Node.js v11.14.0 文档


Policies#

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稳定性: 1 - 试验

Node.js contains experimental support for creating policies on loading code.

Policies are a security feature intended to allow guarantees about what code Node.js is able to load. The use of policies assumes safe practices for the policy files such as ensuring that policy files cannot be overwritten by the Node.js application by using file permissions.

A best practice would be to ensure that the policy manifest is read only for the running Node.js application, and that the file cannot be changed by the running Node.js application in any way. A typical setup would be to create the policy file as a different user id than the one running Node.js and granting read permissions to the user id running Node.js.

Enabling#

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The --experimental-policy flag can be used to enable features for policies when loading modules.

Once this has been set, all modules must conform to a policy manifest file passed to the flag:

node --experimental-policy=policy.json app.js

The policy manifest will be used to enforce constraints on code loaded by Node.js.

Features#

Error Behavior#

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When a policy check fails, Node.js by default will throw an error. It is possible to change the error behavior to one of a few possibilities by defining an "onerror" field in a policy manifest. The following values are available to change the behavior:

  • "exit" - will exit the process immediately. No cleanup code will be allowed to run.
  • "log" - will log the error at the site of the failure.
  • "throw" (default) - will throw a JS error at the site of the failure.
{
  "onerror": "log",
  "resources": {
    "./app/checked.js": {
      "integrity": "sha384-SggXRQHwCG8g+DktYYzxkXRIkTiEYWBHqev0xnpCxYlqMBufKZHAHQM3/boDaI/0"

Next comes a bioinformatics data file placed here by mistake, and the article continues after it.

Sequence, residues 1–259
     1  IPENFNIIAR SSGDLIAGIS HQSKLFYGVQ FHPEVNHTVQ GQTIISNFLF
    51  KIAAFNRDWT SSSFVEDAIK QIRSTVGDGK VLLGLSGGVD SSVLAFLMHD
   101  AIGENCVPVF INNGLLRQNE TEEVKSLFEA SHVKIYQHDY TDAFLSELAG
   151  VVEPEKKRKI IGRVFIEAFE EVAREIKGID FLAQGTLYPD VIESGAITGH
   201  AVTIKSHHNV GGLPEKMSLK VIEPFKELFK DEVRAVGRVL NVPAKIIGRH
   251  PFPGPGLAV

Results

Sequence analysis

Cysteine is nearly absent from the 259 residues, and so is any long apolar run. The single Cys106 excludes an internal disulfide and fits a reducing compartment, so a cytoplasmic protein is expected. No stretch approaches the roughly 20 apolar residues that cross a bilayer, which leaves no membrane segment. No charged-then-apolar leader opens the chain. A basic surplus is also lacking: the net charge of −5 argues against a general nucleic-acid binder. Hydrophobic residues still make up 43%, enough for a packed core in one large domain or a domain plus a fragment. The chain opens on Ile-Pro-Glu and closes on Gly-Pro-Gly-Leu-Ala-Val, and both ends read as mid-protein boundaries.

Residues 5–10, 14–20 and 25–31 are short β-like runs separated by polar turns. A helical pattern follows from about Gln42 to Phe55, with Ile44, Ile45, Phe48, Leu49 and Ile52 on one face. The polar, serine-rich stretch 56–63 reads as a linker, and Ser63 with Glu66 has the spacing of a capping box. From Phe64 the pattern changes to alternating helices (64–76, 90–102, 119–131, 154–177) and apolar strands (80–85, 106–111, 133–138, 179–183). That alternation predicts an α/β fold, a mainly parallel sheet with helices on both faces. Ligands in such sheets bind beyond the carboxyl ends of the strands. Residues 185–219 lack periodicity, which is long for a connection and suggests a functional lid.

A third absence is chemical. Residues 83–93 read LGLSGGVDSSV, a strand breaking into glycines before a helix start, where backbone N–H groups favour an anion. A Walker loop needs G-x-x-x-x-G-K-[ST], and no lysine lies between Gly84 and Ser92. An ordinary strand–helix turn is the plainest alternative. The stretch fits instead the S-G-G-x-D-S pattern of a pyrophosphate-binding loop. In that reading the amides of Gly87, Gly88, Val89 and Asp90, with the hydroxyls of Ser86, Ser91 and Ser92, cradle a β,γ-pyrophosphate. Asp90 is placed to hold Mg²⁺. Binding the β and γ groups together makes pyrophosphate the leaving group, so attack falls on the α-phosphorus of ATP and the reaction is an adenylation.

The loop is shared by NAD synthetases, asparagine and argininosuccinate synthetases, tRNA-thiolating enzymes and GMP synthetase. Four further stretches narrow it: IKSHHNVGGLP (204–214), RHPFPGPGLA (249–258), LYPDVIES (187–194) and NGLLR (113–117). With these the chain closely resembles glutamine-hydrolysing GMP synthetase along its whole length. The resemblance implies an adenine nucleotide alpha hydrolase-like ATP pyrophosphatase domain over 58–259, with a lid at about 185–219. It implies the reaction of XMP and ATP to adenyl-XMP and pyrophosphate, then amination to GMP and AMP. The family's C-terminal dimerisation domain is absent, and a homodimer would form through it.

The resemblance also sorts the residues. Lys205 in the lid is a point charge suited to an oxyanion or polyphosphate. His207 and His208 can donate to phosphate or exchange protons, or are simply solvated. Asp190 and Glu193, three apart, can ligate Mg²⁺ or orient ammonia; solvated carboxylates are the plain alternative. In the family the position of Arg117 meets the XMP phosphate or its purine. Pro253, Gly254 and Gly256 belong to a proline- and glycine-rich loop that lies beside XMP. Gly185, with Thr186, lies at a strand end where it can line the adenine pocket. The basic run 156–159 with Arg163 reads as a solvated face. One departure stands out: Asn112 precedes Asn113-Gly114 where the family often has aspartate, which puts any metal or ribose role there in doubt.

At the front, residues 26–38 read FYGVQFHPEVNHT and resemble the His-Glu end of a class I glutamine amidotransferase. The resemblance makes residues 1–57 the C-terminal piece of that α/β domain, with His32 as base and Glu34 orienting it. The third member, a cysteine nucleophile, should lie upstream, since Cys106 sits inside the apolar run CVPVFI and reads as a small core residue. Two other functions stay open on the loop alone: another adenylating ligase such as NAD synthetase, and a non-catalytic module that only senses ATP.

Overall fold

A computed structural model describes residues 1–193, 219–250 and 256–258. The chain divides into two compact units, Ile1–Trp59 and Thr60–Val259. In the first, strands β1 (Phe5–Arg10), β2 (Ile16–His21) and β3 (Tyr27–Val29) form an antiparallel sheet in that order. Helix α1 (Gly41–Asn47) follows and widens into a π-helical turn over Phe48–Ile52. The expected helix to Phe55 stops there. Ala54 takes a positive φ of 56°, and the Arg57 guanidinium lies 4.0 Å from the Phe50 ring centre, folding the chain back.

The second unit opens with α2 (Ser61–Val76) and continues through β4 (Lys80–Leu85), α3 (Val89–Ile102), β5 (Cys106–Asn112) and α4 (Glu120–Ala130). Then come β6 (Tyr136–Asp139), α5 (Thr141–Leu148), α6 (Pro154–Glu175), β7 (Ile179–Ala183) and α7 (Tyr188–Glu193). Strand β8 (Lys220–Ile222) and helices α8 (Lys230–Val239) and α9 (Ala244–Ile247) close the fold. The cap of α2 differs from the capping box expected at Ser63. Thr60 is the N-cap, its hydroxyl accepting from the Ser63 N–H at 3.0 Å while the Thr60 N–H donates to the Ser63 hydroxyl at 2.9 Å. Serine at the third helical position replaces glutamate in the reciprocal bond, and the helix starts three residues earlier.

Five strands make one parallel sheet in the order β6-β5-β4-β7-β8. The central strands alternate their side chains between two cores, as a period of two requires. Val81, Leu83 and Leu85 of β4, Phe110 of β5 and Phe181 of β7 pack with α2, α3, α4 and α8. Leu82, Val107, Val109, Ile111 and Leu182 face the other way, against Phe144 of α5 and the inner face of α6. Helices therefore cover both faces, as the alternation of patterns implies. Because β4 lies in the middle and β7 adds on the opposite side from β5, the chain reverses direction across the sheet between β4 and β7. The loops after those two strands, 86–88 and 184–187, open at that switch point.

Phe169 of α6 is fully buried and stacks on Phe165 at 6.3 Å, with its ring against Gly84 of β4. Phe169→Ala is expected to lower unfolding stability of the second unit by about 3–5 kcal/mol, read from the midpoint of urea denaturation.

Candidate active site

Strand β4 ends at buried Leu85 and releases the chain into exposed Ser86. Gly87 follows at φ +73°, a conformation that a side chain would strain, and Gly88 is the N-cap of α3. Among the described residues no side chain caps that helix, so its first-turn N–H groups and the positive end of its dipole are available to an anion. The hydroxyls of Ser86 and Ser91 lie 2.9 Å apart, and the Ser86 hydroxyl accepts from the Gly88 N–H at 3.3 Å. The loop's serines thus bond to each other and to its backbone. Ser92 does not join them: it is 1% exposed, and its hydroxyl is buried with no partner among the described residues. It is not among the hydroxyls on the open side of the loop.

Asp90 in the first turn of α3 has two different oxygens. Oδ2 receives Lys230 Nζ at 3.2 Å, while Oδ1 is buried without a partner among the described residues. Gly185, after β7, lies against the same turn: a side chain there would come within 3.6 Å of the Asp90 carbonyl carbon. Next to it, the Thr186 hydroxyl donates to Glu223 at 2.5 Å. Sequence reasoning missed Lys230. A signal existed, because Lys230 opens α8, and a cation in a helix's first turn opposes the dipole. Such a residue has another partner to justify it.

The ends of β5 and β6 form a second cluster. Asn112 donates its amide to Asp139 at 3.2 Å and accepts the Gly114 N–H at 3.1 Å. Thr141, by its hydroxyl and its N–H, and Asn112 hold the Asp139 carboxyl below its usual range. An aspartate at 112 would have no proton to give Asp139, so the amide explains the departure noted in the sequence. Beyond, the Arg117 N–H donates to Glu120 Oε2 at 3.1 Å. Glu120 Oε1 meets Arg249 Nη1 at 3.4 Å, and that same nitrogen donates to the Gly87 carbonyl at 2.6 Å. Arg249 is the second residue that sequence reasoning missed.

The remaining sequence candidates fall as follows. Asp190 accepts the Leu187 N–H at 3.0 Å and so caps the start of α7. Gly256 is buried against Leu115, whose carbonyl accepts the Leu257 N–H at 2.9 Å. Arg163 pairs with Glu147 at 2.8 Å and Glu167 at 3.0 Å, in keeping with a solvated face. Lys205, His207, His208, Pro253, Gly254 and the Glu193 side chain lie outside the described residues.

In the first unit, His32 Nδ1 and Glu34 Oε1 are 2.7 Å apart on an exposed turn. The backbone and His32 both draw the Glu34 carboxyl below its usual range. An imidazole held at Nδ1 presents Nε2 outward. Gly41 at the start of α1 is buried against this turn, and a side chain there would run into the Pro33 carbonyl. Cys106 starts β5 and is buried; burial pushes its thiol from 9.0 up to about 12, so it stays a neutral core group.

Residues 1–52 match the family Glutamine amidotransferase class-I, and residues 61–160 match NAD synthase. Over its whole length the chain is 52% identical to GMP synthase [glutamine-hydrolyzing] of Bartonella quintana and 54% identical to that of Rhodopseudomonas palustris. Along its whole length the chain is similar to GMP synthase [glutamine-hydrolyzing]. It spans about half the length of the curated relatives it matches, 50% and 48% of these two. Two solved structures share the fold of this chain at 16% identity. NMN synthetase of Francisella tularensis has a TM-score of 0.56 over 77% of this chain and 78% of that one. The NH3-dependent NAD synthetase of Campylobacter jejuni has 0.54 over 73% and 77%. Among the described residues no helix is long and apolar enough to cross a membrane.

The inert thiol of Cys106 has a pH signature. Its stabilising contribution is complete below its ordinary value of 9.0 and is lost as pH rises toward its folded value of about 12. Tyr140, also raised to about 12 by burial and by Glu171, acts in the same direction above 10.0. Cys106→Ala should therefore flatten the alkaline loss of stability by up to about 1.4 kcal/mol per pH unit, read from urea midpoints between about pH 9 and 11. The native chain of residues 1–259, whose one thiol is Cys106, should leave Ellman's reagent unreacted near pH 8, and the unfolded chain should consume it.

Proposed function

}
  }
}

Integrity Checks#

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Policy files must use integrity checks with Subresource Integrity strings compatible with the browser integrity attribute associated with absolute URLs.

When using require() all resources involved in loading are checked for integrity if a policy manifest has been specified. If a resource does not match the integrity listed in the manifest, an error will be thrown.

An example policy file that would allow loading a file checked.js:

{
  "resources": {
    "./app/checked.js": {
      "integrity": "sha384-SggXRQHwCG8g+DktYYzxkXRIkTiEYWBHqev0xnpCxYlqMBufKZHAHQM3/boDaI/0"
    }
  }
}

Each resource listed in the policy manifest can be of one the following formats to determine its location:

  1. A relative url string to a resource from the manifest such as ./resource.js, ../resource.js, or /resource.js.
  2. A complete url string to a resource such as file:///resource.js.

When loading resources the entire URL must match including search parameters and hash fragment. ./a.js?b will not be used when attempting to load ./a.js and vice versa.

In order to generate integrity strings, a script such as printf "sha384-$(cat checked.js | openssl dgst -sha384 -binary | base64)" can be used.